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Biographies of Buchanan County Residents:

Frank C. Barrington

Transcribed by Danielle Thompson

From the History of Buchanan County and the City of St Joseph and Representative Citizens

 FRANK C. BARRINGTON, president and manager of the Columbian Electrical Company, at St. Joseph, is one of the enterprising and progressive men, who in the last few years have contributed much to the business impetus which is shown in every branch of the city’s commercial life. Mr. Barrington is still a young man, born July 11, 1873, at St. Joseph, Missouri, and is a son of Charles Connor and Almedia (Timerson) Barrrington.

     Edmund Barrington, our subject’s great-grandfather, who was born in Dublin, Ireland, came to America before the adoption of the Constitution, being then five years old. His father died while making the trip over the ocean, but his mother and the remainder of the family landed safely at Philadelphia, which became the family home for several generations. On June 14, 1804, Edmund Barrington, our subject’s great-grandfather, was married to Eleanor Connor, whose father was a sea-faring man and died on his ship from a wound received during the Revolutionary War.

     Edmund Barrington, our subject’s grandfather, was born in Philadelphia, where he was associated with the press of that time, understanding the art of printing and making a comfortable living through translations from foreign languages. He belonged to the literary coterie of old Philadelphia, October 10, 1810, and was a daughter of John Leonard and Mary (Andrews) Rogers. Mr. Rogers was born in New York, but after his marriage always resided at Philadelphia; his father was killed during the Revolutionary War. The children of Edmund and Eliza (Rogers) Barrington were Mary Eliza, Michael Connor, Eleanor Anne and Charles Connor. Of this family all are deceased, except our subject’s aunt, Eleanor Anne, who still resides in Philadelphia.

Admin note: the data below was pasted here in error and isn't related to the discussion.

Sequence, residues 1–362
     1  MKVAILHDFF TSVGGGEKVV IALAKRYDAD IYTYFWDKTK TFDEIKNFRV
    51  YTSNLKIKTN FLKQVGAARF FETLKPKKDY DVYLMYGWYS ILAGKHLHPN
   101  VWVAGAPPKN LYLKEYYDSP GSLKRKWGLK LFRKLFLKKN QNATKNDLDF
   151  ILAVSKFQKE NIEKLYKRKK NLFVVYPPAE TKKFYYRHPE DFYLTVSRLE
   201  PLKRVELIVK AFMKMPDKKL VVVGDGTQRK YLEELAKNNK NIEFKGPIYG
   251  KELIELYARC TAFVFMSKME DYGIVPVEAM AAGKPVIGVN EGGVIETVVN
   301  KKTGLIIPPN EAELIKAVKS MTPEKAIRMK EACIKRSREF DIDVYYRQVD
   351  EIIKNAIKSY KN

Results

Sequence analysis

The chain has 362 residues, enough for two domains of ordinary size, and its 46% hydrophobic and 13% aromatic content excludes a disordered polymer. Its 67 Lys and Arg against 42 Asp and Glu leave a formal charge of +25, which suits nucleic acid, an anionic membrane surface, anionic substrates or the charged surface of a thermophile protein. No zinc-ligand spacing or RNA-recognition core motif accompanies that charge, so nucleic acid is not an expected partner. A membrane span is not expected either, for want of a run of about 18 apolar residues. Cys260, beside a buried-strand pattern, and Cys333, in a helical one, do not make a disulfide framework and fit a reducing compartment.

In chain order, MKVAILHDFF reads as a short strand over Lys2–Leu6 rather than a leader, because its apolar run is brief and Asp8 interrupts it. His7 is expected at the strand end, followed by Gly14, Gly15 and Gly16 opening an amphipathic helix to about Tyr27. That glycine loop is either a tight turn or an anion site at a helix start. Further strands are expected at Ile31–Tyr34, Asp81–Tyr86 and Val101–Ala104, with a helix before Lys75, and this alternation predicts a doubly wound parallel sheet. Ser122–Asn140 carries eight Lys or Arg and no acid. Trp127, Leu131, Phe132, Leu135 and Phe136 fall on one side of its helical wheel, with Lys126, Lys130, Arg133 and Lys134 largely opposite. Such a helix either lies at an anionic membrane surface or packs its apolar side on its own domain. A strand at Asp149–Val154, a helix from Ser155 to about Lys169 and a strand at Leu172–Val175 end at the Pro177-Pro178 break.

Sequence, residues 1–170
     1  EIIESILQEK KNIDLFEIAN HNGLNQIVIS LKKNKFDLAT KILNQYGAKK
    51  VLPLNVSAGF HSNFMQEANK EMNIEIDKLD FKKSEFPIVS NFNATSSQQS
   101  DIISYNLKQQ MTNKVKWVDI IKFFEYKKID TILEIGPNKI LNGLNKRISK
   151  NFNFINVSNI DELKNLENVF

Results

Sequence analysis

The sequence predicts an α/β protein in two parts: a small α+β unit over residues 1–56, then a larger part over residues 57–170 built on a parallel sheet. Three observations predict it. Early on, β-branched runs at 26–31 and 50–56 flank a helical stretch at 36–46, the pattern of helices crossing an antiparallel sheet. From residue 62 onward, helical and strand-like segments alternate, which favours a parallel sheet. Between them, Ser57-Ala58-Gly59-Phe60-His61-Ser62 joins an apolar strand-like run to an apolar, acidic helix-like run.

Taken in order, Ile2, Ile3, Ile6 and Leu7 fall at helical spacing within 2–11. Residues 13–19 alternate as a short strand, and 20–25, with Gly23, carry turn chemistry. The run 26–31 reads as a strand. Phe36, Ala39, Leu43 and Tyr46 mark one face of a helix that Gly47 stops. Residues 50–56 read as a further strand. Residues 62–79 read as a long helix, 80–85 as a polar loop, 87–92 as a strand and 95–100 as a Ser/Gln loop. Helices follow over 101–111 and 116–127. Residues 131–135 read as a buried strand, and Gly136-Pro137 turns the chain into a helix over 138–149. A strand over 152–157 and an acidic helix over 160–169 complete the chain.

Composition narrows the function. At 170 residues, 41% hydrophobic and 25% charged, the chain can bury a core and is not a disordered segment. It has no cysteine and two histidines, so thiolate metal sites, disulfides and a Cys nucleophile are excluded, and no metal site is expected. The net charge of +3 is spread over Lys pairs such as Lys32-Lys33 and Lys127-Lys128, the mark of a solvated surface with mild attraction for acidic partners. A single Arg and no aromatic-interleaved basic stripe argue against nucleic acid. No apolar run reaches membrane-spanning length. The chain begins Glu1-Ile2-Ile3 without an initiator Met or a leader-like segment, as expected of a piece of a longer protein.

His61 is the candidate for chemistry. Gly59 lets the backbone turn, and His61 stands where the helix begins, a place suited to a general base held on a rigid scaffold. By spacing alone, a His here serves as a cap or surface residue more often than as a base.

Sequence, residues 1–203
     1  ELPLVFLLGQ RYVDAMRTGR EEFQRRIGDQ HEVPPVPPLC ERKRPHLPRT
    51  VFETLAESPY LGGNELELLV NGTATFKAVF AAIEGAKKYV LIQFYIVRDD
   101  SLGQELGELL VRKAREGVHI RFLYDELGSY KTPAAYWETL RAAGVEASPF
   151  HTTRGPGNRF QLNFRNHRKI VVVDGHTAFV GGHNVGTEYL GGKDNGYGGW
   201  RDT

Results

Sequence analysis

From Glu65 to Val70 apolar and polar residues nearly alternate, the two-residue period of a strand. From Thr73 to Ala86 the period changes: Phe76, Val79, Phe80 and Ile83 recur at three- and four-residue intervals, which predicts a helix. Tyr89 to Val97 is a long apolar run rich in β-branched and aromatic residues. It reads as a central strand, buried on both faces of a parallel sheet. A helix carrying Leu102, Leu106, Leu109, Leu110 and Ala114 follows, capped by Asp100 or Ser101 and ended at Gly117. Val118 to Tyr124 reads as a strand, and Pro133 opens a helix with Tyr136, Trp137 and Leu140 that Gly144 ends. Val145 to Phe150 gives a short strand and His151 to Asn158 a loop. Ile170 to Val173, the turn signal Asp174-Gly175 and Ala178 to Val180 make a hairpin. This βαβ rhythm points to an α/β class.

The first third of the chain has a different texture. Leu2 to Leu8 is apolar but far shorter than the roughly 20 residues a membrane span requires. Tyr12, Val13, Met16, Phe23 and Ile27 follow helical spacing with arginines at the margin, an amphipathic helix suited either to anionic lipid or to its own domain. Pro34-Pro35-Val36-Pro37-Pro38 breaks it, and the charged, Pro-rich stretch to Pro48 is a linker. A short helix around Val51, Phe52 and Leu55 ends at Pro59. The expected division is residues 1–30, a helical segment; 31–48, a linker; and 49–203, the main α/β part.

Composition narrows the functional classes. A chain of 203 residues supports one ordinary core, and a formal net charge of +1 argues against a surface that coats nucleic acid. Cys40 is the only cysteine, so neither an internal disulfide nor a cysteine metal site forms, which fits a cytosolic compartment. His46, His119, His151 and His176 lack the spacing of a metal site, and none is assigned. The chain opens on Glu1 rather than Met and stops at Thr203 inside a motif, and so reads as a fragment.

The late Charles Connor Barrington, father of our subject, was educated in the Philadelphia public schools and was graduated from the High School. His business experience prior to removing to the West in 1864 was as a clerk in John Wyeth’s laboratory, in Philadelphia, this pharmacist having taken the large contract to supply drugs to the army during the Civil War. When the chemist had completed his contract, his young assistant found himself without a situation. Just at this time, William M. Wyeth, well known in St. Joseph, Missouri, was visiting his brother in Philadelphia, and induced the young man to visit the West. This visit resulted in Mr. Barrington finding conditions so congenial in the Western City that, doubtless to the surprise of his eastern relatives, he never returned to live in Philadelphia.

     Mr. Barrington served as a member of the Home Guard during his first year in Missouri, He then entered the employ of William M. Wyeth as credit man for this important house, and this association, brought about by chance, continued until Mr. Barrington’s death on September 12, 1884. He was a charter member of the first Knights of Pythias lodge organized here and was connected with many of the earlier business and social bodies. Politically he was a Republican.